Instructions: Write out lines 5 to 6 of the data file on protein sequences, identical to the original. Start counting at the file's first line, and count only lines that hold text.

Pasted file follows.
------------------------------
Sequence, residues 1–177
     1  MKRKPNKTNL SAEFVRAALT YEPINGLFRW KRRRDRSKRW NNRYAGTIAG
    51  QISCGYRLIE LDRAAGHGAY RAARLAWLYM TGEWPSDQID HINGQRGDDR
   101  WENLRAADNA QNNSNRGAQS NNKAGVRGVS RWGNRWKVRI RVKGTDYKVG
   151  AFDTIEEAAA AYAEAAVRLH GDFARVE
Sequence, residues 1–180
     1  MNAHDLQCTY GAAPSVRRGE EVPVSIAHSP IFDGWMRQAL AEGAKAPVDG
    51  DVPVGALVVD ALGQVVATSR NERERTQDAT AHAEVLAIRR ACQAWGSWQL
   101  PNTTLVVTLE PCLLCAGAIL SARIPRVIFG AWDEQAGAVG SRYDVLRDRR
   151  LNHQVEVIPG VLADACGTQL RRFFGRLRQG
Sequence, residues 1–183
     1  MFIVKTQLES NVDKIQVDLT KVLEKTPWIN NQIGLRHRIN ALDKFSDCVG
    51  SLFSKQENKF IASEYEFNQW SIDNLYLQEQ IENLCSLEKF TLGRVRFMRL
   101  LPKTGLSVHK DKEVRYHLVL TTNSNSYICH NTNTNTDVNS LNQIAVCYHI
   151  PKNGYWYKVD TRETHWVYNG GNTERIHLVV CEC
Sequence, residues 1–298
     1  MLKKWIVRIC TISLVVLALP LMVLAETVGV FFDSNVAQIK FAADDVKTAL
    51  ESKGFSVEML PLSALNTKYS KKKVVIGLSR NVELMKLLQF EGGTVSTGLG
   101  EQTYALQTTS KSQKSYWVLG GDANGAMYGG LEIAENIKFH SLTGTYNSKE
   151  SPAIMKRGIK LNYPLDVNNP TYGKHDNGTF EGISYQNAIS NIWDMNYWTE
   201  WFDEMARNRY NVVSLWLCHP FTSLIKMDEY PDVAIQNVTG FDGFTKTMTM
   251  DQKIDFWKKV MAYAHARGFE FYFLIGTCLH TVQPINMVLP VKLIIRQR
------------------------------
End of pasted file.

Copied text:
   151  AFDTIEEAAA AYAEAAVRLH GDFARVE
Sequence, residues 1–180